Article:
On August 6, 2014, PERB issued a decision in City of Palo Alto. This ruling is significant for public employees for two reasons. First, the decision confirms that meet and consult obligations under Government Code section 3507 the same as the meet and confer obligations under section 3505. Second, this holding expands the meet and confer obligations to impasse rules and procedures.
In mid-July 2010, the City of Palo Alto proposed to repeal interest arbitration procedures in the City Charter for police and firefighter employees. The City planned to place the measure on the ballot for voters. International Association of FireFighters, Local 1319, AFL-CIO representatives demanded to meet and confer with the City about the rule modifications. The City refused to meet with Local 1319. The City claimed interest arbitration was a permissive, not a mandatory, subject of bargaining and the meet and confer obligations did not apply. Instead, the City offered to address Local 1319 representatives' concerns during the public comment periods at its regular public meetings. After holding public meetings, the City approved the measure to repeal interest arbitration from negotiation procedures.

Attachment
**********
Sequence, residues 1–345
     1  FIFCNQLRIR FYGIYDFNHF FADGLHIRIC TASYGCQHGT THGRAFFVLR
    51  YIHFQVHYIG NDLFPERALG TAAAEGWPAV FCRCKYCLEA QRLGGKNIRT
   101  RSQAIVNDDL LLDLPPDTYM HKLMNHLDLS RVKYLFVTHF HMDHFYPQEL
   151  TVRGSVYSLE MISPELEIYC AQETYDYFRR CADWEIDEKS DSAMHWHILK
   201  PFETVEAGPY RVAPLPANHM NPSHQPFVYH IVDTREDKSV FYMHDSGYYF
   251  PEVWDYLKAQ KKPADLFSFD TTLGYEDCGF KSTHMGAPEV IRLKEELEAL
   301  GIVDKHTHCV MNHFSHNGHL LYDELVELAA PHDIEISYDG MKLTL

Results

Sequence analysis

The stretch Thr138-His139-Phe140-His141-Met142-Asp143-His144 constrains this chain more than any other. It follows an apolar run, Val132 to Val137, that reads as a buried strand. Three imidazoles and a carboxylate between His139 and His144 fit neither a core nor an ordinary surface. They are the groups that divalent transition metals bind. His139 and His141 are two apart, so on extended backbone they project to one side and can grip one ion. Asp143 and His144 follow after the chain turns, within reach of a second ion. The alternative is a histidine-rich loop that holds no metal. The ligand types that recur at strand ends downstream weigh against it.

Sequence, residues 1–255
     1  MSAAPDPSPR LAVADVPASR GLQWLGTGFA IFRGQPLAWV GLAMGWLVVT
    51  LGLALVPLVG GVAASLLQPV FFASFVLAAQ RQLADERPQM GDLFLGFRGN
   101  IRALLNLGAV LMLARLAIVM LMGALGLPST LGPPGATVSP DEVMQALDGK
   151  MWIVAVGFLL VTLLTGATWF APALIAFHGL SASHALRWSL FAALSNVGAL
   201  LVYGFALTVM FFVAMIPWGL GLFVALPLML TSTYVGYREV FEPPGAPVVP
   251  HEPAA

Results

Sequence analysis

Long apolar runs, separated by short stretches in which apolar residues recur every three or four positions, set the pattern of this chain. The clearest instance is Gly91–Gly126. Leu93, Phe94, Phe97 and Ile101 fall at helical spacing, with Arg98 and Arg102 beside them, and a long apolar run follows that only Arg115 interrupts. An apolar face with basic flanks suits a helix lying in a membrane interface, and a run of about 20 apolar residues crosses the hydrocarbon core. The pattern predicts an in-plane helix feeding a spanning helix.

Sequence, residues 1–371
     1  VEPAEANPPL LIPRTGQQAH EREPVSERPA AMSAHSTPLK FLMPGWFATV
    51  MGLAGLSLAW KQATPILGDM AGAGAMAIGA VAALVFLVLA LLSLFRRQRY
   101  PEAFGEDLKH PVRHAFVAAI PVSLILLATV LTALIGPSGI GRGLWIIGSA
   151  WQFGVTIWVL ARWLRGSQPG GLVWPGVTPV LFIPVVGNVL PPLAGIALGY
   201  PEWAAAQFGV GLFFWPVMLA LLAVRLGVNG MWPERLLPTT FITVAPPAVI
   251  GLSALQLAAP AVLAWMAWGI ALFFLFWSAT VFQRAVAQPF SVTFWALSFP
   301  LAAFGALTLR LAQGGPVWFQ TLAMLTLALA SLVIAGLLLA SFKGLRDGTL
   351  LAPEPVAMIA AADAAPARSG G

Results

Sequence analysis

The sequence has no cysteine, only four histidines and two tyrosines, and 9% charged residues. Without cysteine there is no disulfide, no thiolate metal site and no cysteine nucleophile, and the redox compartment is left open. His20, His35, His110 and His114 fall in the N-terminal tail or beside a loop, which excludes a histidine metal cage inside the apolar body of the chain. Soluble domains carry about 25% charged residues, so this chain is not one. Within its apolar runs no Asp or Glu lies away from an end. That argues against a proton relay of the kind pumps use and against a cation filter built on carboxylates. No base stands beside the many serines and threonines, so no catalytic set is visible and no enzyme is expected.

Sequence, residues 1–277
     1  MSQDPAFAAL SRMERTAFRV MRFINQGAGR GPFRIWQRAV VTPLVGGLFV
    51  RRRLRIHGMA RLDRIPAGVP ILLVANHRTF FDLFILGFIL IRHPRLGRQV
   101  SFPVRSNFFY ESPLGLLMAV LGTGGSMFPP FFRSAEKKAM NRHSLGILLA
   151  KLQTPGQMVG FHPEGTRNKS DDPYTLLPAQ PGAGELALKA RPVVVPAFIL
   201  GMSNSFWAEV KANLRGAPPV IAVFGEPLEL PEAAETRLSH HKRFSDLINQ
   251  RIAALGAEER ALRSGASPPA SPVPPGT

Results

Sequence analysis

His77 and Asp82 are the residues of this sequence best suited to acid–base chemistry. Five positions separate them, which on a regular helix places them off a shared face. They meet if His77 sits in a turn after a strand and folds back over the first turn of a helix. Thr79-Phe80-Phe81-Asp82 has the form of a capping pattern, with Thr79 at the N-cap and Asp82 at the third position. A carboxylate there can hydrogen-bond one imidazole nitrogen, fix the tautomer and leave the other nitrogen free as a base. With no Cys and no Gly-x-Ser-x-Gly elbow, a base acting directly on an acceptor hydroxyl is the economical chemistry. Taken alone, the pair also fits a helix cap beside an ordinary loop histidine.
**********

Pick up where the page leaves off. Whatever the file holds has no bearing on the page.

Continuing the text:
PERB held the City failed to meet and consult in good faith under section 3507 by refusing to meet with Local 1319. PERB held the duty to consult under section 3507 is the same as the meet and confer duties under section 3505. Section 3507 requires public agencies to provide reasonable written notice to each employee organization affected by the proposed agency rule or modification, and afford each organization a reasonable opportunity to meet and discuss the rule before adoption. The parties must meet and confer for a reasonable period of time and attempt to reach an agreement. While the Supreme Court, PERB, and California courts do not require employers to meet and confer regarding impasse procedures under section 3505, employers must meet and consult on these subjects under section 3507.